Yesterday, the FDIC released a new report detailing the results of the 2011 Survey of Unbanked and Underbanked Households (“Households” Survey). The first survey was done back in 2009. The FDIC is required by legislative mandate to survey banks’ efforts to serve the unbanked and will continue doing the Households survey every two years. Key findings from the report, as summarized by the FDIC, are:
- 8.2 percent of U.S. households are unbanked. This represents one in 12 households in the nation, or nearly 10 million in total. Approximately 17 million adults live in unbanked households.
- 20.1 percent of U.S. households are underbanked. This represents one in five households, or 24 million households with 51 million adults.
- 29.3 percent of households do not have a savings account, while about 10 percent do not have a checking account. About two-thirds of households have both checking and savings accounts.
- One-quarter of households have used at least one alternative financial service (AFS), such as non-bank check cashing or payday loans in the past year, and almost one in ten households have used two or more types of AFS products or services. In all, 12 percent of households used an AFS in the past 30 days, including four in 10 unbanked and underbanked households.
The details of the Households survey were presented to the FDIC Advisory Committee on Economic Inclusion (ComE-IN). The analysis by FDIC researchers Keith Ernst, Yazmin Osaki, and Susan Burhouse offered four implications of the survey results. First, the Households survey revealed lots of diversity among un-and underbanked households suggesting that economic inclusion strategies may be more effective if they are based in a deeper understanding of consumer segments. Second, having a bank account does not guarantee long term participation in the banking system as half of unbanked households previously had bank accounts. Third, unbanked consumers who had bank accounts in the past appear to have more positive perceptions on having an account and rely less on non-bank financial services. Finally, consumers that use non-bank financial services perceive them to be more convenient, faster, less expensive, or less difficult to access (in terms of qualifying for the products) suggesting that banks may need to more clearly demonstrate the value of a bank account to non-bank financial services users to win their business.
The high percentage of households without a savings account (29.3%) was flagged as an opportunity area for banks in the presentation and subsequent discussion. The top reason unbanked respondents cite for not having a bank account is because they “do not have enough money.” A 2003 survey of lower income consumers that asked a similar question for savings accounts (in an open-ended manner) suggests that this could mean that consumers think they “don’t have any extra money” or “do not have the amount of money that banks require to open an account.” Unbanked consumers interviewed by the Kansas City Federal Reserve in 2009 revealed that the respondents felt they needed $5,000 to justify getting a savings account. As the FDIC researchers pointed out, it’s interesting that consumers still perceive savings accounts are out of reach because there has been a concerted effort to get more banks to offer no or low-minimum balance savings accounts through the FDIC’s Model Safe account pilot. In fact, there have been a number of pilots working with banks and credit unions to provide affordable savings accounts to low-income consumers in addition to the general availability of similar accounts from many local banks and credit unions across the country. So why don’t more consumers have savings accounts?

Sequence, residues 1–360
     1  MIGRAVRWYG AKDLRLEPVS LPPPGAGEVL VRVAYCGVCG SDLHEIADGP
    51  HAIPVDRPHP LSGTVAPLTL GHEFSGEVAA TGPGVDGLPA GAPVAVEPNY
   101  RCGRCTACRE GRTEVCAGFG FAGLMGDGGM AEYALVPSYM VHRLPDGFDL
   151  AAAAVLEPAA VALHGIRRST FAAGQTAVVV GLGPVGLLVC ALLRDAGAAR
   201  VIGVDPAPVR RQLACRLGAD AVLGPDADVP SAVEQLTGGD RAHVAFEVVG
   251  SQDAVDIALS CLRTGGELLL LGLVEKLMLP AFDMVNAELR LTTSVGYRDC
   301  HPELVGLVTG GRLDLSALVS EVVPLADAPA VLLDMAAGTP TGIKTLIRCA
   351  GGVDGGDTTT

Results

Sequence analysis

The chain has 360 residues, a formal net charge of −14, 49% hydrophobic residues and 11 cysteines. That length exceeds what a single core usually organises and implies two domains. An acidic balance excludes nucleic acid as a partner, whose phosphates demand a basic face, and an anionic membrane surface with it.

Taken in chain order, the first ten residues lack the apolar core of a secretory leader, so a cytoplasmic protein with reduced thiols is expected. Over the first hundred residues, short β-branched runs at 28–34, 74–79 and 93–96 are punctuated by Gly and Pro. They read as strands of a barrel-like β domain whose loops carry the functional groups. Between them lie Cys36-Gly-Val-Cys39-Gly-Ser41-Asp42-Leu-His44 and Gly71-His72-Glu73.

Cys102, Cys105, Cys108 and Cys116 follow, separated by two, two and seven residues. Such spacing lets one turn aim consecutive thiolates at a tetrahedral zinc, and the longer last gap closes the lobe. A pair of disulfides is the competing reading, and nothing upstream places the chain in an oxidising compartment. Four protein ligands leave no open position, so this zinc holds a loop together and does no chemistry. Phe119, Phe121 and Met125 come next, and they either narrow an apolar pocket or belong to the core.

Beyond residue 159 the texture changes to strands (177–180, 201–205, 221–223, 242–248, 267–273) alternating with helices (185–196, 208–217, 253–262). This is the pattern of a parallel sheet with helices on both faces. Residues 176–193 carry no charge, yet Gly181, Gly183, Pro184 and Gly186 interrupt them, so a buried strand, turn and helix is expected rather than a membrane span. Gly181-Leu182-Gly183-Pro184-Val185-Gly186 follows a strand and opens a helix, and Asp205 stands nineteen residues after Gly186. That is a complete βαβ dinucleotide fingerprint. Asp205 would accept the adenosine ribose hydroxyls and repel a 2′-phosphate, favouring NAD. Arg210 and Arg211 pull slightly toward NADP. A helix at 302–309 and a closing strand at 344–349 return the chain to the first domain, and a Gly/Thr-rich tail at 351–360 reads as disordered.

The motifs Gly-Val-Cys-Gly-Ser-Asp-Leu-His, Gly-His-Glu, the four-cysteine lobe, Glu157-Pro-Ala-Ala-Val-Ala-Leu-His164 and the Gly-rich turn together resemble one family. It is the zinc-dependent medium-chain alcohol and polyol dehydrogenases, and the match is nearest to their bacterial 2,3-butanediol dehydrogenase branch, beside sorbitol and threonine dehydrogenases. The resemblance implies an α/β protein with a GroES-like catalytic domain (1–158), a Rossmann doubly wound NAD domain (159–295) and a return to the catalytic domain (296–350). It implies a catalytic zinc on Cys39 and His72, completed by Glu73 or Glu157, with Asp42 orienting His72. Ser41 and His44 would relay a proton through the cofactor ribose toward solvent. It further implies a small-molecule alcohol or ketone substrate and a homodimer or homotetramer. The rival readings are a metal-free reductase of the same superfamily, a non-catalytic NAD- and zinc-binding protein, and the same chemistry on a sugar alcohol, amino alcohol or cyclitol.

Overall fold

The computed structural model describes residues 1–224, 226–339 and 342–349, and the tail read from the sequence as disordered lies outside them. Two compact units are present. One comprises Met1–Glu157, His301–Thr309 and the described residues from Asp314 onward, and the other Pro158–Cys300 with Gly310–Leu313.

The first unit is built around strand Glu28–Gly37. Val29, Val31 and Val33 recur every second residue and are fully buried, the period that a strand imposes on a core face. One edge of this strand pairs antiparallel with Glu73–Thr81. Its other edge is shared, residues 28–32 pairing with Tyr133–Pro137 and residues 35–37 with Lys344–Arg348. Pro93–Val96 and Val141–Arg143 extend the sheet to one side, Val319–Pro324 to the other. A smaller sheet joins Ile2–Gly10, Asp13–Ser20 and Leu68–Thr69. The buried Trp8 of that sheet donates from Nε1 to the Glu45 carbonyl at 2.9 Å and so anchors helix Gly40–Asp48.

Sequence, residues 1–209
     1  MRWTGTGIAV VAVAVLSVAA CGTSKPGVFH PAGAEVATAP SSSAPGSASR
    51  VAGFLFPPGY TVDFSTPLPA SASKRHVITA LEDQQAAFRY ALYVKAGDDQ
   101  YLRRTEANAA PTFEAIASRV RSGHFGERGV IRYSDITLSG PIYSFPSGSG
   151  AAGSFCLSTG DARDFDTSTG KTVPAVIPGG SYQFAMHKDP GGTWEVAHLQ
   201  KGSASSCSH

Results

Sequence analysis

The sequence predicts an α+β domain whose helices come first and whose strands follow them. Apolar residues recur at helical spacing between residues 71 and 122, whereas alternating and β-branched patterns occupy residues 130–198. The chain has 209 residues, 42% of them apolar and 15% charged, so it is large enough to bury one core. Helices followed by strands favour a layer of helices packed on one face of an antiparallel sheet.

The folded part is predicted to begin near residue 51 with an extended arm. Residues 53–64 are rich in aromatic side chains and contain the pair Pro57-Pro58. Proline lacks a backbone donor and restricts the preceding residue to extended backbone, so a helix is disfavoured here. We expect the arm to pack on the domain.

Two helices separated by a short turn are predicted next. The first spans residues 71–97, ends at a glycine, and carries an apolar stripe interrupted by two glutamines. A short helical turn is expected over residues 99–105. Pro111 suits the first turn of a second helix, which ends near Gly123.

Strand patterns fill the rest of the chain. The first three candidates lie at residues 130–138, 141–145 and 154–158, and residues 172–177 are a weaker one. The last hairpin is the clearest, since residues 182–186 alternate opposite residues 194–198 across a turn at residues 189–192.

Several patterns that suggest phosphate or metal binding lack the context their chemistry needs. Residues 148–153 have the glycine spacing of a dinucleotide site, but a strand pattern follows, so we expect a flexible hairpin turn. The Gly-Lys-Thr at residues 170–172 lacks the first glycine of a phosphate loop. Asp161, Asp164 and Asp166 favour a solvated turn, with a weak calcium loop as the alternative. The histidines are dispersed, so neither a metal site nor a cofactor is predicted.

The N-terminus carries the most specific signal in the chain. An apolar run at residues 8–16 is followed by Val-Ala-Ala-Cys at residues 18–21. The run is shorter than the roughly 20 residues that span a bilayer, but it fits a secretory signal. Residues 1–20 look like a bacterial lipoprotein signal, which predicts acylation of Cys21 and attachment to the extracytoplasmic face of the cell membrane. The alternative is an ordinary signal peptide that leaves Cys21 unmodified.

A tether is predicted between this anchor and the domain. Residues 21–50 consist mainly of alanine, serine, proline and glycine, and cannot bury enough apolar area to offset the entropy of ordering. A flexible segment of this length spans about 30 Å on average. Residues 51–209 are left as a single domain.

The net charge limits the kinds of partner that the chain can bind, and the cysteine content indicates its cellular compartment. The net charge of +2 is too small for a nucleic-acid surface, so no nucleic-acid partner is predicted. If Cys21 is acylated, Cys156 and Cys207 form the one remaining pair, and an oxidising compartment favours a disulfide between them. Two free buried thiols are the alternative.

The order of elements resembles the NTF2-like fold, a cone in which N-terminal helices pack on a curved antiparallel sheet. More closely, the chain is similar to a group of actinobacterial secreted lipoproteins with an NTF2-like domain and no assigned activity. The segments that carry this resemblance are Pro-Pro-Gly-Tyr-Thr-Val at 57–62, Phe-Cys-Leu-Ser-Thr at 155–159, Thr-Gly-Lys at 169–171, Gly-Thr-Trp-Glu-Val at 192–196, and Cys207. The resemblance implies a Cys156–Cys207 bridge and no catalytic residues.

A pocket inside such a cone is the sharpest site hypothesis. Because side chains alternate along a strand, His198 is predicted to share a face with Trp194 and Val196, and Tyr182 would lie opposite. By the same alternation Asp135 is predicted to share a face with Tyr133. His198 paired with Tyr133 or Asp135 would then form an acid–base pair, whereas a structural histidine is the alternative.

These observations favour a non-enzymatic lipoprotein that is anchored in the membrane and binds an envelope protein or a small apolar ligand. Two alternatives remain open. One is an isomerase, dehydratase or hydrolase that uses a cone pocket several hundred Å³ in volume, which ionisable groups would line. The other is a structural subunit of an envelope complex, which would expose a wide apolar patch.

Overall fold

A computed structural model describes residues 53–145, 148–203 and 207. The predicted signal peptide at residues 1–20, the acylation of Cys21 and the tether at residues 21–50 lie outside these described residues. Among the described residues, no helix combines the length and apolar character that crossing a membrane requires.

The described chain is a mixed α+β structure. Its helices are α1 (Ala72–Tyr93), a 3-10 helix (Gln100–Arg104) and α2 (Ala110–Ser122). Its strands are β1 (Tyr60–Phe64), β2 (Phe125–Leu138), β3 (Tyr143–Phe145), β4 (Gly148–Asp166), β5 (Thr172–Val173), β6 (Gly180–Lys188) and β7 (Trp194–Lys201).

Reasons for lower than expected take-up of low-cost savings accounts include a lack of attentiveness to building the attractiveness and awareness of savings accounts. We recently hosted an event discussing how financial institutions can build better savings products for low-income consumers. Sessions at the upcoming Assets Learning Conference and the FDIC Consumer Research Symposium will also highlight new research to help inform the design of savings accounts.